The weird thing about Crash is that at first it’s a complete turn-off, and then gradually you find yourself being turned on by things you never thought you’d be turned on by, in language that you never imagined you’d be turned on by. That’s the art of it. Somehow, you’re getting the pure experience, from the narrator’s point of view, of this strange eroticism. It’s disturbing, just becuase it’s so abnormal and perhaps even dehumanized, although no one but a human could think such thoughts.
I tried to do the same thing in the movie by creating a style that was sensual in some ways, and having very attractive people in the film, becaus I knew that, conceptually, many people would resist it. So to balance that, I tried to make it somewhat sensual and textural without making it deliriously luscious, you know. I tried to do the same thing cinematically that I felt Ballard was doing literarily.
James Campbell visits JGB’s home in Shepperton
As a housekeeper, however, Ballard, who lives alone, resides in the era before the term “mod con” was invented. A 20-year-old Ford Granada of indistinct hue slumps on the narrow driveway, jammed up against the front entrance. Indoors, the curtains, neither open nor closed, are held in limbo by a giant dehydrated plant that has collapsed on to the table, blocking all but the most determined approach. Lost amid the mini-jungle of its dried-up fronds is a dust-covered Collins Dictionary. Ballard’s electrical fixtures would interest the curator of the Design Museum. On a cold day, the rooms are warmed by small heaters positioned in the middle of the floor. The sleek stylist of western consumerism never got round to installing central heating.
An obituary at The Guardian
An extract from Empire of the Sun, 1984
An extract from Crash, 1973
Vaughan died yesterday in his last car crash. During our friendship he had rehearsed his death in many crashes, but this was his only true accident. Driven on a collision course towards the limousine of the film actress, his car jumped the rails of the London Airport flyover and plunged through the roof of a bus filled with airline passengers. The crushed bodies of package tourists, like a hemorrhage of the sun, still lay across the vinyl seats when I pushed my way through the police engineers an hour later. Holding the arm of her chauffeur, the film actress Elizabeth Taylor, with whom Vaughan had dreamed of dying for so many months, stood alone under the revolving ambulance lights. As I knelt over Vaughan’s body she placed a gloved hand to her throat.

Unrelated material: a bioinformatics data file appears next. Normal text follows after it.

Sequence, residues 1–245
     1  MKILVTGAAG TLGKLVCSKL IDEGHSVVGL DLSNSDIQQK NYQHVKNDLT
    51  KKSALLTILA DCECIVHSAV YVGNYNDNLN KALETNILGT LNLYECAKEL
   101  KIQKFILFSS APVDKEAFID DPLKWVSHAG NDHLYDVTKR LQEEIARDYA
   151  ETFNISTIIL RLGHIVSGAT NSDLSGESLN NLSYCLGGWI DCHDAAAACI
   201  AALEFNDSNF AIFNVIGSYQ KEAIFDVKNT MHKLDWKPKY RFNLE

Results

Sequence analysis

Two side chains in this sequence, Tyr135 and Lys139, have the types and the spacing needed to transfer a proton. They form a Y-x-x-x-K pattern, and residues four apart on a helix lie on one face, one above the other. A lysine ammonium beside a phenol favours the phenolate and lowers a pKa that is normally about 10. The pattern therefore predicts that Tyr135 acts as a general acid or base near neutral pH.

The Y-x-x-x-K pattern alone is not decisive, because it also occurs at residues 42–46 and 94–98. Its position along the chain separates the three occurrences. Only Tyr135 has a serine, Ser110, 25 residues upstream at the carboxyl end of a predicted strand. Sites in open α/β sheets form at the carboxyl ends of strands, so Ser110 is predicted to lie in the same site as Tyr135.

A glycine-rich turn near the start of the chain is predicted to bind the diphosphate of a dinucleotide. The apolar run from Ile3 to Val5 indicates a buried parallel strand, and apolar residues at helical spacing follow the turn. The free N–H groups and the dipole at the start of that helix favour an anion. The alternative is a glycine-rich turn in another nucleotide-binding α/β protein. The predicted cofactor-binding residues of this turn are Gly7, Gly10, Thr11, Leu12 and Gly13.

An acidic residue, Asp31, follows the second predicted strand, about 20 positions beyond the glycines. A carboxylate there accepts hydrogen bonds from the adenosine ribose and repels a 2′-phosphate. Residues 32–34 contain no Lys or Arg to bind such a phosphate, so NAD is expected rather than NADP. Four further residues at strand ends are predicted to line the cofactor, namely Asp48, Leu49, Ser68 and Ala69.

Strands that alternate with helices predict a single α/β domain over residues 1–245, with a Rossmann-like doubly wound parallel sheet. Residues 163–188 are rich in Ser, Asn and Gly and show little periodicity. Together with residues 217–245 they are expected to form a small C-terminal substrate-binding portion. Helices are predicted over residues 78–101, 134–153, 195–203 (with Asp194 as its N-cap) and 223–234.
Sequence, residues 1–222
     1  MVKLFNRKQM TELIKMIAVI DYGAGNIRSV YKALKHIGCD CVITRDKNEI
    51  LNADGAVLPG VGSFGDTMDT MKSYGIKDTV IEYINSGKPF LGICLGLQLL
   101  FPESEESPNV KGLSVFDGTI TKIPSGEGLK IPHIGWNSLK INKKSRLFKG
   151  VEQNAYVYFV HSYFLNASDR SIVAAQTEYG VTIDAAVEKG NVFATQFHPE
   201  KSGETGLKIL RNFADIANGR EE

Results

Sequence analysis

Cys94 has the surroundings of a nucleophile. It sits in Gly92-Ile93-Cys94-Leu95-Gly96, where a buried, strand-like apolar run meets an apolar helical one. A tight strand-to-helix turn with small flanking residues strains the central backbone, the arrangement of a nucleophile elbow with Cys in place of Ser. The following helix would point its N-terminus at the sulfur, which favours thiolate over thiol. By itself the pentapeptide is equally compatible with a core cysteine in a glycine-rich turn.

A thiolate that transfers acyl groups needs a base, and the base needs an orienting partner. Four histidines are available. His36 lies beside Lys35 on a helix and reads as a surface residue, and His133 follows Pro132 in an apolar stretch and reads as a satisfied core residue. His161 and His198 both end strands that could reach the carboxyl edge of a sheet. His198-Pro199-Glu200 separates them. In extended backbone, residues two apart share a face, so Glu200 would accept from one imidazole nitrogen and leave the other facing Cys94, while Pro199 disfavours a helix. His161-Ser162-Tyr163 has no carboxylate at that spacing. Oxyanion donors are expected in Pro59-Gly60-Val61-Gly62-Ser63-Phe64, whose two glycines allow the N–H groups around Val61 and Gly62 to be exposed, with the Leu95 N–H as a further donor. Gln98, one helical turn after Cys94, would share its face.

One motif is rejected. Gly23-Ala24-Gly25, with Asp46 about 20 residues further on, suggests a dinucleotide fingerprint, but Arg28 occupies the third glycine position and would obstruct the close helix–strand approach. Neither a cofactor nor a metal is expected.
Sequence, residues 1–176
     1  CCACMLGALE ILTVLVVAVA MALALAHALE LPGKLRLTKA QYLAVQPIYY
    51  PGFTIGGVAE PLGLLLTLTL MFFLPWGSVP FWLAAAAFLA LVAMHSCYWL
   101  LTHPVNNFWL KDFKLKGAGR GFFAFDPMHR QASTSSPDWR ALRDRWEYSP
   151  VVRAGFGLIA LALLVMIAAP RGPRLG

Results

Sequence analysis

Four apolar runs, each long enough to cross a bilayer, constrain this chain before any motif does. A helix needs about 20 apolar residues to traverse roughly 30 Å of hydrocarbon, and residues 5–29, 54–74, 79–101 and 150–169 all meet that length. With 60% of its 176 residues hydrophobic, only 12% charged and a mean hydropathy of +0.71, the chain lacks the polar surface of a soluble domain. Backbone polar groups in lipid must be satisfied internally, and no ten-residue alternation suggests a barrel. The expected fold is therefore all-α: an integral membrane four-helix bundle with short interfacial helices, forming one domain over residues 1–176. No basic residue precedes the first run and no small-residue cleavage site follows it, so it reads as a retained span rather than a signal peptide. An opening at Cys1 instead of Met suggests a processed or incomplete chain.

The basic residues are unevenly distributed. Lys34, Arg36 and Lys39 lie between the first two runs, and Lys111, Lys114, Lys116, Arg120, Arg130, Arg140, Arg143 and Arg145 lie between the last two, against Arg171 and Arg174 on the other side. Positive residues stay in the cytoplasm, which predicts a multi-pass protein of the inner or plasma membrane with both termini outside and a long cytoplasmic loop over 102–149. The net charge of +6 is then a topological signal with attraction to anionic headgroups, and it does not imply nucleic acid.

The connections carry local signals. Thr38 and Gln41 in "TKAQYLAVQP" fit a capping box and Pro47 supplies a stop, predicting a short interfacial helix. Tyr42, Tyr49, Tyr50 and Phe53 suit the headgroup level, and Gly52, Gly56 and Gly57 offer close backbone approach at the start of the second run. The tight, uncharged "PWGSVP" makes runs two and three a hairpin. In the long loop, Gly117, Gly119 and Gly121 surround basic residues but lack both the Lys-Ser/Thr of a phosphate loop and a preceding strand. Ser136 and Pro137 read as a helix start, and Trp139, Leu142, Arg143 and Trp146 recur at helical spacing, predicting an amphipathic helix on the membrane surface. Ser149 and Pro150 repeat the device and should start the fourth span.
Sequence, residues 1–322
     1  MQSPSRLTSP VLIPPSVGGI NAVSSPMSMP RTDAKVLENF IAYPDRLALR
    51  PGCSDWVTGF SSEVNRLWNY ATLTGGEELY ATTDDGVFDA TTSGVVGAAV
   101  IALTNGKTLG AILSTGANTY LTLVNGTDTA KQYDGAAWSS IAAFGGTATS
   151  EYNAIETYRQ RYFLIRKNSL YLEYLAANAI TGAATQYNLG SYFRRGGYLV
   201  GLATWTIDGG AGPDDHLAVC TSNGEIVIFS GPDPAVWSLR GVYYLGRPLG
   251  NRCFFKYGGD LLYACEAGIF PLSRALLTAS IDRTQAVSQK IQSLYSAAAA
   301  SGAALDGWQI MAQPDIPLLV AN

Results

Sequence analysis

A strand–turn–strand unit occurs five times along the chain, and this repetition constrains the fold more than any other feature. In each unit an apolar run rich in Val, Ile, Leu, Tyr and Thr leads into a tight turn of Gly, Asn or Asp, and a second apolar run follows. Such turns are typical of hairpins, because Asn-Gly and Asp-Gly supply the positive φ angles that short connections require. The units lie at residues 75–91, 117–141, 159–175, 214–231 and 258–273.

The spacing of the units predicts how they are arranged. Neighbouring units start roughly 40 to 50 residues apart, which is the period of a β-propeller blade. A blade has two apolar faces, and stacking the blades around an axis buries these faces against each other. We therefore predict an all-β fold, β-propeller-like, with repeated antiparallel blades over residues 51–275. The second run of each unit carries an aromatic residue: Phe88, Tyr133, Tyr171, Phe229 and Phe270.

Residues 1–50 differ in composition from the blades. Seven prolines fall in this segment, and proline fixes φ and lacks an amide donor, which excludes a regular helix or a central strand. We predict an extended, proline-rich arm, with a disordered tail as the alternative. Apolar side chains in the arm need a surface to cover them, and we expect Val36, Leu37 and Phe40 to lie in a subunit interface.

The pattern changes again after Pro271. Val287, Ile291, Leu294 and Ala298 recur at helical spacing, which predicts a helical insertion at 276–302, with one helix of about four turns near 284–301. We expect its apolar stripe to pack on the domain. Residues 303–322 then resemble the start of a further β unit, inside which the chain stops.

Could she see, in Vaughan’s posture, the formula of the death which he had devised for her? During the last weeks of his life Vaughan thought of nothing else but her death, a coronation of wounds he had staged with the devotion of an Earl Marshal. The walls of his apartment near the film studios at Shepperton were covered with the photographs he had taken through his zoom lens each morning as she left her hotel room in London, from the pedestrian bridges above the westbound motorways, and from the roof of the multistorey car park at the studios. The magnified details of her knees and hands, of the inner surface of her thighs and the left apex of her mouth, I uneasily prepared for Vaughan on the copying machine in my office, handing him the packages of prints as if they were the installments of a death warrant. At his apartment I watched him matching the details of her body with the photographs of grotesque wounds in a textbook of plastic surgery.